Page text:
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mnieper Feb 26, 2015

There's probably a way to reformulate the transpiled output, but I don't see any reformulation that looks prettier. The point is that the loop body could throw, the iterator could throw and the return function of the iterator could throw.

If Traceur had a sloppy mode, one could think of disabling all exception handling in this mode. But enable such a mode at the global level of a program sounds hazardous.

mnieper commented Feb 26, 2015

There's probably a way to reformulate the transpiled output, but I don't see any reformulation that looks prettier. The point is that the loop body could throw, the iterator could throw and the return function of the iterator could throw.

If Traceur had a sloppy mode, one could think of disabling all exception handling in this mode. But enable such a mode at the global level of a program sounds hazardous.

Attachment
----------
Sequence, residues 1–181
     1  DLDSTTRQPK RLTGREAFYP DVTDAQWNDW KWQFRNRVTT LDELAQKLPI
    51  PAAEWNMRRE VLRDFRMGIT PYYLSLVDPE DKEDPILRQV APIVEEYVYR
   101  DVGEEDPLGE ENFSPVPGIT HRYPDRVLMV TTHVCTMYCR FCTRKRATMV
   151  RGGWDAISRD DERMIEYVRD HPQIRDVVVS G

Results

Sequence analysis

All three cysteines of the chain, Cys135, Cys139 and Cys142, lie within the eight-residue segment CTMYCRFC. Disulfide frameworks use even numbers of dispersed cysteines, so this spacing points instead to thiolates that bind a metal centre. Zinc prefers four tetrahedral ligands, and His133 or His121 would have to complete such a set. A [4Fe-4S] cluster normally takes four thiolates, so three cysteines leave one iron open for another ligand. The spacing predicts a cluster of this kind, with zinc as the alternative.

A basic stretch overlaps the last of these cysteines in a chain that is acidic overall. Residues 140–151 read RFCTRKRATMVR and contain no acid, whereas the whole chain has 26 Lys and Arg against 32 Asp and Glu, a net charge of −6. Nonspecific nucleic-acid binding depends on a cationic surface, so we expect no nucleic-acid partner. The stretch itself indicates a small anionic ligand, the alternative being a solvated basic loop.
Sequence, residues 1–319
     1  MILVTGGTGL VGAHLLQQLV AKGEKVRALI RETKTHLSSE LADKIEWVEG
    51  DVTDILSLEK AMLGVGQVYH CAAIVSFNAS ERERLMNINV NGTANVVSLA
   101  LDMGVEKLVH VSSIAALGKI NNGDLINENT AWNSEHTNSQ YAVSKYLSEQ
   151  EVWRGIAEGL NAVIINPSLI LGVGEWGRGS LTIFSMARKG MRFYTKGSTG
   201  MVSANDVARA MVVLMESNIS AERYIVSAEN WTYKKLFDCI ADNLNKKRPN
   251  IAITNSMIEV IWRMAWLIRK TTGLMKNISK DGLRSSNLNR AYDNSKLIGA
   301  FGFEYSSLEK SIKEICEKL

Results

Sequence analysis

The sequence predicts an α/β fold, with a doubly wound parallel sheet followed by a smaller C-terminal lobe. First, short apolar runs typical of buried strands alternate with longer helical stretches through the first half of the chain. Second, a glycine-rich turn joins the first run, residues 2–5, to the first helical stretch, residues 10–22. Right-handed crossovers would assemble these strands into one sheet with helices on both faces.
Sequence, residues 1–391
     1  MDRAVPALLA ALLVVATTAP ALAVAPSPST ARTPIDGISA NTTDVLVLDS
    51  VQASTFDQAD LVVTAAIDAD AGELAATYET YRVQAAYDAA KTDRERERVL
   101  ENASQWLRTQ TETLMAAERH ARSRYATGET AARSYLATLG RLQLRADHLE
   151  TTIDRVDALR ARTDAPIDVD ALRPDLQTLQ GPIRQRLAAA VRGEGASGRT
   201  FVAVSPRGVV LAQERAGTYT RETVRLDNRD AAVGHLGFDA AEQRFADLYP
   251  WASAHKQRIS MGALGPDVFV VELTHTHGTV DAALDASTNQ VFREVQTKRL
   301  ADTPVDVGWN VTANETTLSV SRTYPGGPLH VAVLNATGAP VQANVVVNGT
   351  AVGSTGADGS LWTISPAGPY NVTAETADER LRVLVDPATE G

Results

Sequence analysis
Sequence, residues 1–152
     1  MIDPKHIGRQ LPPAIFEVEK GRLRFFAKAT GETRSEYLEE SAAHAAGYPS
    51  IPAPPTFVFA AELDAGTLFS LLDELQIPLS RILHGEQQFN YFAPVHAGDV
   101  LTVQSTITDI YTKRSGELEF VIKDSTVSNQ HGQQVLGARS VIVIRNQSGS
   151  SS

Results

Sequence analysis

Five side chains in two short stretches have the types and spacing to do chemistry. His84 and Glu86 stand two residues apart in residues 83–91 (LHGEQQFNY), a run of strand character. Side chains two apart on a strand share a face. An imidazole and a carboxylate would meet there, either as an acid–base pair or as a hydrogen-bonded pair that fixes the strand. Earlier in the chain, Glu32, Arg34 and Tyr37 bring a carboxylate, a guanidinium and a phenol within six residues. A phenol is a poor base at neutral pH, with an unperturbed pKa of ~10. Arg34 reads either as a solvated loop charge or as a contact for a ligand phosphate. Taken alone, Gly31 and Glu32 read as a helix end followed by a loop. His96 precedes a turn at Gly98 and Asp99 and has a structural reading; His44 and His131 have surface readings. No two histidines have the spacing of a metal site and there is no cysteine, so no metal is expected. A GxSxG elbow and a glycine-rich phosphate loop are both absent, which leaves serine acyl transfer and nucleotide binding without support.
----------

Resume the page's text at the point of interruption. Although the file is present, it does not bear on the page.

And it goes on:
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pflannery Feb 26, 2015

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imo we should be able to define our own safe guards for the iterator and anything that happens in the body just like we would a for statement. This would be better than Traceur trying to doing it for us. A good source map will help diagnose back to the source if anything fails.

Also what is this return()? is that not something we too can handle ourselves if we expect a return method to be called?

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pflannery commented Feb 26, 2015

imo we should be able to define our own safe guards for the iterator and anything that happens in the body just like we would a for statement. This would be better than Traceur trying to doing it for us. A good source map will help diagnose back to the source if anything fails.